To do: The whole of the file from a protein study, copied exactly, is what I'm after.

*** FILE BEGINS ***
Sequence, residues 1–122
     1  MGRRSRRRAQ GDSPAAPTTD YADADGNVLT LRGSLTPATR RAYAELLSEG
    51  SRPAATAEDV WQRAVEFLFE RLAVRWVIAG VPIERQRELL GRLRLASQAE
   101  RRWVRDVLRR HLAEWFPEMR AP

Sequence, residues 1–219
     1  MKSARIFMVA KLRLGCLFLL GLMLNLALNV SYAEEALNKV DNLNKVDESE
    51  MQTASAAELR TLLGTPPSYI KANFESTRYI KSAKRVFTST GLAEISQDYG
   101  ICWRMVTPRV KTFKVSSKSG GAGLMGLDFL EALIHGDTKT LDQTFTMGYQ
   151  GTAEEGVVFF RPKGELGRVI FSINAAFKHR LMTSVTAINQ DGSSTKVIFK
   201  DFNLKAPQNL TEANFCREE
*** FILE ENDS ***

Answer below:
Sequence, residues 1–122
     1  MGRRSRRRAQ GDSPAAPTTD YADADGNVLT LRGSLTPATR RAYAELLSEG
    51  SRPAATAEDV WQRAVEFLFE RLAVRWVIAG VPIERQRELL GRLRLASQAE
   101  RRWVRDVLRR HLAEWFPEMR AP

Sequence, residues 1–219
     1  MKSARIFMVA KLRLGCLFLL GLMLNLALNV SYAEEALNKV DNLNKVDESE
    51  MQTASAAELR TLLGTPPSYI KANFESTRYI KSAKRVFTST GLAEISQDYG
   101  ICWRMVTPRV KTFKVSSKSG GAGLMGLDFL EALIHGDTKT LDQTFTMGYQ
   151  GTAEEGVVFF RPKGELGRVI FSINAAFKHR LMTSVTAINQ DGSSTKVIFK
   201  DFNLKAPQNL TEANFCREE